The Writer as God

December 17, 2010

“In Chapters 15 and 16 of Bringing Back The Old Hollywood,  I write at length about the importance of good screenwriting as we return to the Old Hollywood days when the people who were responsible for the written word were valued and even revered in the film industry.

If you’re just starting out as a screenwriter, imagine the thrill of inventing a story that moves us, or that encourages us to think for ourselves.  Imagine being responsible for writing a movie script that inspires a young person to stay honest, or that reminds a middle-aged man or woman to get back in touch with his or her parents after a long estrangement.  What if your script gave someone the courage to love again?

When the written word emanates from a place of sensitivity, talent, passion, it indeed possesses that much power. As a writer, you have that power only if you choose to follow your heart, and write what moves you on a soul level.  Or you can do what they do now in the New Hollywood: write a script that meets studio demands, and pleases the focus groups. But, really, haven’t we seen that movie already?”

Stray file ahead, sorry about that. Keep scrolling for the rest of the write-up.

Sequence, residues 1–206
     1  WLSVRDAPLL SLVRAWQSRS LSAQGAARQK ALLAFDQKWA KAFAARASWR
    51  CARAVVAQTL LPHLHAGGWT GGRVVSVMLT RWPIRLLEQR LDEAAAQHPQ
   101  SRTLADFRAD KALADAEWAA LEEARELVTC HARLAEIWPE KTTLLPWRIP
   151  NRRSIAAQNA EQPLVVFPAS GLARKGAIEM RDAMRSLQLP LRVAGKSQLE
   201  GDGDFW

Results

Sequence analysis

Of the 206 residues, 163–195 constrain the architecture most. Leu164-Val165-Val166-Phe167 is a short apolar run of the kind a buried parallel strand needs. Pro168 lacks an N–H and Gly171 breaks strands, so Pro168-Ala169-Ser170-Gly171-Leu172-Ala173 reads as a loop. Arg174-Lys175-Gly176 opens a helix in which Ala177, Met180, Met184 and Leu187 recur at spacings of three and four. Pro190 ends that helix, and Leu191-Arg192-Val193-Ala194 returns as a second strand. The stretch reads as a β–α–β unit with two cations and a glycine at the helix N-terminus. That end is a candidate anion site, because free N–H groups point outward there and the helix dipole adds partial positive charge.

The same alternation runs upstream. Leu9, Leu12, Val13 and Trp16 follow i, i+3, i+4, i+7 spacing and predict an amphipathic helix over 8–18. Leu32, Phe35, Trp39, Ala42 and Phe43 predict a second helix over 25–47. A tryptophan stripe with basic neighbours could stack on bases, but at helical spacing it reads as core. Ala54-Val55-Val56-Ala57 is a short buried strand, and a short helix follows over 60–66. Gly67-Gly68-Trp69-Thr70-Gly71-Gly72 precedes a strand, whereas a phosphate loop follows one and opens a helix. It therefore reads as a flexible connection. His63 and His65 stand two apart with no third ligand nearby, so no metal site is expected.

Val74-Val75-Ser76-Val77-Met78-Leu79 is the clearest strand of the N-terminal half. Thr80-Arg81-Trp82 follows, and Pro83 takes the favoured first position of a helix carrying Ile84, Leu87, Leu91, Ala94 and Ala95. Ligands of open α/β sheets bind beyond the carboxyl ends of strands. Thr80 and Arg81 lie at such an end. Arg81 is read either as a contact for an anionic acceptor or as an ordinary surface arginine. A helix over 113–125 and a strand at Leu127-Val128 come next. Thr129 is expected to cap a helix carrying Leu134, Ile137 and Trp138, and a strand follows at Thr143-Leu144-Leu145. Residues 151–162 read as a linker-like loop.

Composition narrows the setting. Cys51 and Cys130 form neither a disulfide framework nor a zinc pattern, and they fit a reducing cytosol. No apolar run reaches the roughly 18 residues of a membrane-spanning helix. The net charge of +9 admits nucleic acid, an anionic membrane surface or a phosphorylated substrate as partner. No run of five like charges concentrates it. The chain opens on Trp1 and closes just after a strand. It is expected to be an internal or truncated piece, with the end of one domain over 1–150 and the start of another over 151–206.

Enjoy this article from Writers Store

Take life into your own hands with this great article on how to play God!  Feeling like your life needs a pick-me-up, why not create and write a story about it? It’s pilot season and now is the time to let the creative energy flow!
By Ellen Sandler

Sick of being controlled by other people’s plans? Frustrated by rules nobody asked you about? How would you like to play God and create a world according to you? Well, you can – write a pilot! Because that’s what a pilot for an original series is: A whole new world. And you get to create it – in your own image.